“Why don’t we start running to get in shape?” my 15-year-old daughter asked one night over dinner.
Presuming the inquiry was directed at her mother, I reached for another slice of Meat Lover's pizza. I was confident in the fact that with five children at home, I get all the workout I need.
My wife's response was simple yet effective. "Go ask your dad."
“You get enough running with your soccer team, don’t you?” I countered.
In the nick of time, my three-year-old seized upon the reality that pepperonis are shaped like Frisbees. Flying meat-saucers began whizzing around the dining room.
Our "running conversation" had ended for the moment, but I knew it would come back around. I should be prepared.
"It’s just running," I thought. "How hard could it be?"
The next morning I was up by 6 a.m., digging through the bottom of my closet for running shoes. I found a pair (along with several lost Legos and a dozen unmatched Barbie doll shoes). I am not exactly sure of the difference between running shoes and tennis shoes, but the pair I found looked as if they would carry me through the task. I was ready to begin.
I had not told my daughter we were starting today. I had decided to take a pre-run through the neighborhood on my own, just to get my body ready. I opted to postpone my daily Bible devotion until after the run.
When I opened the front door I was greeted with cold wind and rain that would make any half-sensible dad shut the door and crawl back into bed. My determination was stronger than my sensibility, so I pulled my ball cap down over my eyes and started out.
As my walk sped into a run, I thought that maybe I should have stopped to stretch first. But the weather was awful and I just wanted to get started and get back home. I knew one lap around the block was about a half-mile, so I figured two times around would suffice for the first day.
Before long my breathing became somewhat labored. Then the shin splints hit -- hard. I never realized shin splints are a real physical condition. I thought it was an ambiguous complaint that runners use to conceal procrastination, the way writers use writer’s block. But these pains were very real.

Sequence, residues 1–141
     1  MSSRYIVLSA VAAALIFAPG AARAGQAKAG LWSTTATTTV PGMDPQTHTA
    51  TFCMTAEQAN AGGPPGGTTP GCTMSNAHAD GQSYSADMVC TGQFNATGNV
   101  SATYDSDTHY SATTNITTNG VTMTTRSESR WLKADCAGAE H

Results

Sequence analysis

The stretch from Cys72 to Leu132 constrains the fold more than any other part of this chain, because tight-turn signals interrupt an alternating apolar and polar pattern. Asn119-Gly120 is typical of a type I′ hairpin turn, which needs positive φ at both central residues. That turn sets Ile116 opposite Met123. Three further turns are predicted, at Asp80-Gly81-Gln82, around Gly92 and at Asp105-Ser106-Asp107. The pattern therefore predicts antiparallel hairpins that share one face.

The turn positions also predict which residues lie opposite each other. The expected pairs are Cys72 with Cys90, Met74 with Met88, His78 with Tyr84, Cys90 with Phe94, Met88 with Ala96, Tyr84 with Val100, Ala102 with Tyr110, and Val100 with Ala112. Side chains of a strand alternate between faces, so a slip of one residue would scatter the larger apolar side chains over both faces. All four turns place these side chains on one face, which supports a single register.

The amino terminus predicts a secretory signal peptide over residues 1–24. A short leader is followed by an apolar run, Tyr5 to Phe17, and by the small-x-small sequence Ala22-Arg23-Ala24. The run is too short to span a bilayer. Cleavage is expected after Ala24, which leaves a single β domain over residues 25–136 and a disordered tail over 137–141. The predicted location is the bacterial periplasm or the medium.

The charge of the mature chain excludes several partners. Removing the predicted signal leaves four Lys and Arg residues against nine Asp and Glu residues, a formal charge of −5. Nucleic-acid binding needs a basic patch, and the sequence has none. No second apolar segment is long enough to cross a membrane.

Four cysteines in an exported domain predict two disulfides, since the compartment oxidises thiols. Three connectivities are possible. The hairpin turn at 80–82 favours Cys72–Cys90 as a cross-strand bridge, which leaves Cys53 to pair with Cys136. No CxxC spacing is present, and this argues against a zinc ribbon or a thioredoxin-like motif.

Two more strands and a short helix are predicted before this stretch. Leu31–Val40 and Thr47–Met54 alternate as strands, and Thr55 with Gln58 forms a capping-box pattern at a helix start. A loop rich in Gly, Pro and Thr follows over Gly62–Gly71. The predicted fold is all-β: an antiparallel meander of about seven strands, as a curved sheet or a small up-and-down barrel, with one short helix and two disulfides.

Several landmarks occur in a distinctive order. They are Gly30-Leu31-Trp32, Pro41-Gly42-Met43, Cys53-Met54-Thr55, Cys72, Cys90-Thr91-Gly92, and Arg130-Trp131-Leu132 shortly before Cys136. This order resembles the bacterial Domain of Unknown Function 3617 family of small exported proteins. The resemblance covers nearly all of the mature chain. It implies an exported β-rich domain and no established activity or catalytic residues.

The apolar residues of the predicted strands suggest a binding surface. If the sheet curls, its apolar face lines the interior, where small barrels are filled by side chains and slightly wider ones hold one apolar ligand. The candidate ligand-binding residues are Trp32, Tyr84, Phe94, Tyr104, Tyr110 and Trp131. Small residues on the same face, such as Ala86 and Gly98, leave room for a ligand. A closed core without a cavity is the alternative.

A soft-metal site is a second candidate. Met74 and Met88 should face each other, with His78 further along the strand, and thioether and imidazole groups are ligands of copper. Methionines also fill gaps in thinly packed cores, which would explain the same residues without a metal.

Determined to finish my run, I pressed on, rain and wind pounding me like nails. I thought of the New York City marathon runners. I felt like one of them, sloshing through puddles in the pre-dawn streets, quiet except for my feet on the pavement, plodding toward a dry and comfortable place.
No, actually ... that was not the sound of my feet on the pavement. Rather, it was my heart, thudding right out of my chest, into my brain. Too many slices of Meat Lover's pizza?
I tried to push it all from my mind -- the southerly pain, the northerly thud -- focusing instead on my destination.
That was before I started to focus on the unleashed Doberman in my path. I heard my neighbor from a distance, behind the thud:
“No, Killer. Down, boy. Heel!”
Maybe in hindsight, it was risky to try to outrun an untethered, bloodthirsty canine, but it was all I knew to do. Run is what I did. I could hear Killer's owner tackling and body-slamming the dog to the ground behind me, but I never looked back.
Finally, Killer was safely in my past, and the rain began to subside. I dropped limp to the pavement, desperate and defeated by a sport for which I had not prepared.
It was time to head home.
I am in no way saying that all Dobermans are mean, viscous, bloodthirsty creatures. (If you disagree, please voice your concerns to the editor of The Call.)
My point is that throughout my "journey," I tried to keep my eyes on the goal, which was the safety waiting behind my front door. Getting there, past the discomfort and diversion, was where I put my energy.
We are reminded of a Biblical truth about not looking back in the book of Genesis. The angels urged Lot and his family to flee Sodom and Gomorrah as it was being destroyed.
“Hurry, take your wife and your two daughters who are here, or you will be swept away when the city is punished.” The angels told him, “Flee for your lives, don’t look back.” (Genesis 19:15-17)
Sometimes it is hard not to look back at what is behind us. Sin is tempting. It whispers, taps us on the shoulder, stirs our thoughts as if to say, “Hey, remember me? I’m still here ... Look back here at me.”
That's exactly what Lot’s wife did, and we know what happened to her: She became a great big pillar of salt.
God's commands are serious. He means it when he says, "Don't look back." The message is clear: Keep your eyes forward if you want to reach your goal.
As Paul wrote in his letter to the church of Philippi: "I press on toward the goal to win the prize for which God has called me heavenward in Christ Jesus." (Philippians 3:14)
The great golfer Tiger Woods once said that he never focused on how he performed on previous holes. All that really matters, he said, is the hole in front of you.
What a great lesson that is for us in our Christian walk today! Forget about the the sandtraps, the double bogeys, the Dobermans that have plagued you in the last 10 holes, or the last 10 miles. Look straight ahead to the goal in front of you today -- while enjoying the beautiful blessings that lie between here and there.
Your sins and mistakes have already been forgiven. Drop the baggage. Forge ahead through the pain and the rain and the wind.
Don't look back.
The Rev. Michael Vaughn is pastor at Embreeville United Methodist Church in Jonesborough, Tenn.